Teaching US Geography Without a Curriculum

We are on week 10 of our school year and we just wrapped up our US Geography studies for the year.  We started our Geography early during our summer term, with the benefit that we will wrap up early this year. This makes room for other subjects while keeping our schedule manageable.  I didn’t purchase a curriculum, I just bought some atlases and a set of worksheets.  And week by week, we made our way across the country.  

Where we started

My goal in this unit study was to methodically introduce the kids to each state.  I want them to know where each state was on the map related to it’s neighbors and what was unique and different about the different regions of the country.  I was not concerned at this time about them memorizing capitals or other details.  Knowing your goals for a study is important and will help you decide how to approach the material and what materials you want to look for. 

You could decide to introduce the states in a variety of ways.  We chose to do them by geographic region.  You could also introduce them in the order they were added to the nation, starting with the 13 colonies. Or you could do them in alphabetical order.  We also added a day to review each region and add them to your national map at the end of each region.  

No matter how you divide it up, teaching 50 lessons is a lot!  And that’s what it takes to cover all the states in our great country.  For my 6th grader this was the second time through the states. For my 2nd and 5th graders, it was their first intentional study of US Geography.  Previously, we have incorporated geography by looking at world and US maps as locations come up in our literature and history lessons.  This natural learning has given them a strong foundation. 

What We Read

I didn’t purchase any lesson plans for this unit study.  I purchased two different atlas books after previewing them at the library.  The first was United States Atlas by National Geographic Kids.  This book had the typical geo-political maps for each state and a 1 page description of the state featuring their major economic products and history.  The second book we purchased was The 50 States by Gabrielle Balkan.  This book features more on the human interest of each state and fun facts.  Each map is stylized and highlights the culture.  Famous people from the state and unique places are also featured.  It also has a short biography of the state and a timeline of important moments for that state’s history.  Using these books together gave an balanced overview of the geographic features of the state as well as the culture. 

 

What We Wrote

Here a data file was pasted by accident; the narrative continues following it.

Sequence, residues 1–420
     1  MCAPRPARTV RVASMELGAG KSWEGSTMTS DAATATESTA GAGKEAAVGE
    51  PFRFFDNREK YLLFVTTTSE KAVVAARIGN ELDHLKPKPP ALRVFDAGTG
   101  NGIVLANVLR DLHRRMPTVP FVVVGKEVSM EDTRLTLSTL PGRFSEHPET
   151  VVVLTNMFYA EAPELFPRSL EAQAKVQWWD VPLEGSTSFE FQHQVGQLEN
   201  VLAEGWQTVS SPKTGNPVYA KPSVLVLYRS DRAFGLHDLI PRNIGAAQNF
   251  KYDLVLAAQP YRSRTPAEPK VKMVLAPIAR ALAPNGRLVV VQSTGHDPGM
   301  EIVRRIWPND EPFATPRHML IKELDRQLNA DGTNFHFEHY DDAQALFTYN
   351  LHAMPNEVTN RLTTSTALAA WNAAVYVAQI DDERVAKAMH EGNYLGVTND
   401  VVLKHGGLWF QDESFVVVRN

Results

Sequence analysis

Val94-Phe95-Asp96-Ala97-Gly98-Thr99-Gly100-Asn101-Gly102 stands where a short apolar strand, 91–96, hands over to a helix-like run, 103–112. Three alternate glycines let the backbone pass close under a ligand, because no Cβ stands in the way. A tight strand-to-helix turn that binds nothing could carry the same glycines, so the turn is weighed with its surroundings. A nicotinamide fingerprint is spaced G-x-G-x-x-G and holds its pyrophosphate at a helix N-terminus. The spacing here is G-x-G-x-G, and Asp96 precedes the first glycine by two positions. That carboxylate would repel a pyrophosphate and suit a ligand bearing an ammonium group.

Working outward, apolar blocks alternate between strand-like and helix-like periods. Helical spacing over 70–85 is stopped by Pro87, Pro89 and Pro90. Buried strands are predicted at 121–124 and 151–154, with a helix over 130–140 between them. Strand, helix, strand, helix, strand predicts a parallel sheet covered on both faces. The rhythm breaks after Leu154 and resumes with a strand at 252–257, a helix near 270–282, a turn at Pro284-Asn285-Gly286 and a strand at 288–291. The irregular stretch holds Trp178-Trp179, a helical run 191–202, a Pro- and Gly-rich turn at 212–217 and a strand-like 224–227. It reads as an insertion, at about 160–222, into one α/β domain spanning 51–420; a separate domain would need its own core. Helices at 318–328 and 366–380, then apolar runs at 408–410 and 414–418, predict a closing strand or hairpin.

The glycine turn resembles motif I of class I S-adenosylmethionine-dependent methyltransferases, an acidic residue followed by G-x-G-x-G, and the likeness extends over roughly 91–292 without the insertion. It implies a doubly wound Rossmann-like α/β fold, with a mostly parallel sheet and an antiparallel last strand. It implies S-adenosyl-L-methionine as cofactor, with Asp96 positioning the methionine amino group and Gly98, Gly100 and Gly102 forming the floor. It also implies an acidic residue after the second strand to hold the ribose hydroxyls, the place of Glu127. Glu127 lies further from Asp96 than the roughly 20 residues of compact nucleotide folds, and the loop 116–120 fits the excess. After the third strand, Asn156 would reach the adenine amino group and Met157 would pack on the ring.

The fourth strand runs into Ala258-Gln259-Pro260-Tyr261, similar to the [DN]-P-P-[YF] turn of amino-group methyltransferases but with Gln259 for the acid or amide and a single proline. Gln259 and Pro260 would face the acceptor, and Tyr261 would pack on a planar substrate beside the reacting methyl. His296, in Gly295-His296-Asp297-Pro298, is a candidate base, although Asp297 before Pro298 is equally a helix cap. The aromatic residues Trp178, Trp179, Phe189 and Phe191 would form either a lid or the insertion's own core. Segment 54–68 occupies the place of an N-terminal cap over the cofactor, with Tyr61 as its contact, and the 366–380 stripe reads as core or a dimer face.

For my out of the box kids, taking notes on a blank sheet of paper is difficult, so we used worksheets to document what we learned from each state.  I used different pages for each child’s ability.  Everyone used State Coloring pages from 123Homeschool4me.  I picked these pages because it included the flag and other state symbols.  Each child was required to color the flag, and the other symbols were optional. 

For notetaking, my 2nd grader used State by State pages from 1+1+1=1.  These pages include writing the state name and capital and the postal code.  We all used these review pages for our regional review.  The other students used Notetaking Pages from Motivated Mama, I found on Teacher Pay Teacher.  The 5th and 6th graders could choose which information they filled in each day.  

I printed each child’s notetaking pages with the state coloring page on the back of the same page to save on paper and make the note taking easy.  All the pages were kept in their binder.  

worksheets and books for US History

Our Lesson Plans

With our resources in hand and materials ready, it was time to get started. It worked best for our schedule to plan for 3 lessons a week. For each day’s lesson the kids opened to the state in their binder.  The pages were in alphabetical order, so extra language arts skill practice.  While I read the information from each of our atlas books they took notes or colored the state symbols.  Then the kids would take the books from me to finish their note taking and to see how to color the flag. 

I didn’t include any hand-on projects or special projects to our study because I know, for me, that is easily overwhelming.  Because our daily plan was short and simple we had room for extra discussion and diving into topics that came up related to our states each week.  At the time we were on Mississippi, the state was changing their state flag.  They removed their current one because of it’s use of the Confederate battle flag, a symbol seen as racist by many.  It was a historic moment that we may not have paid close attention too if we weren’t studying US geography at the moment. 

We have family members scattered across the country which allowed us to make personal connections to many of the states we wouldn’t otherwise be connected to. When our reading referenced the musical Oklahoma and the classic song “Home on the Range” we watched some YouTube clips adding music appreciation to our day.

Our Wrap Up

After we made our way across the country.  Each of the kids have a long list of the sites and states they want to visit.  Who knows, maybe it’s a road trip in the making for our family.  A simple plan for any subject allows space for questions to lead to new discoveries.  If learning is child motivated, it is retained better and empowers the child.  

US Geography without a Curriculum

Teaching US Geography Without a Curriculum
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